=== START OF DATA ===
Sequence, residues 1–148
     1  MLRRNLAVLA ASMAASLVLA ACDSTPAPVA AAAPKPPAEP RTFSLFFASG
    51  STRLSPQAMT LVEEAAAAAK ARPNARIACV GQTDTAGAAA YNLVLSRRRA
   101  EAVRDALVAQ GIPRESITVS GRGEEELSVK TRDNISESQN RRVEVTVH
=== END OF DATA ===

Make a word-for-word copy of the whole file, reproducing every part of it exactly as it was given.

Sequence, residues 1–148
     1  MLRRNLAVLA ASMAASLVLA ACDSTPAPVA AAAPKPPAEP RTFSLFFASG
    51  STRLSPQAMT LVEEAAAAAK ARPNARIACV GQTDTAGAAA YNLVLSRRRA
   101  EAVRDALVAQ GIPRESITVS GRGEEELSVK TRDNISESQN RRVEVTVH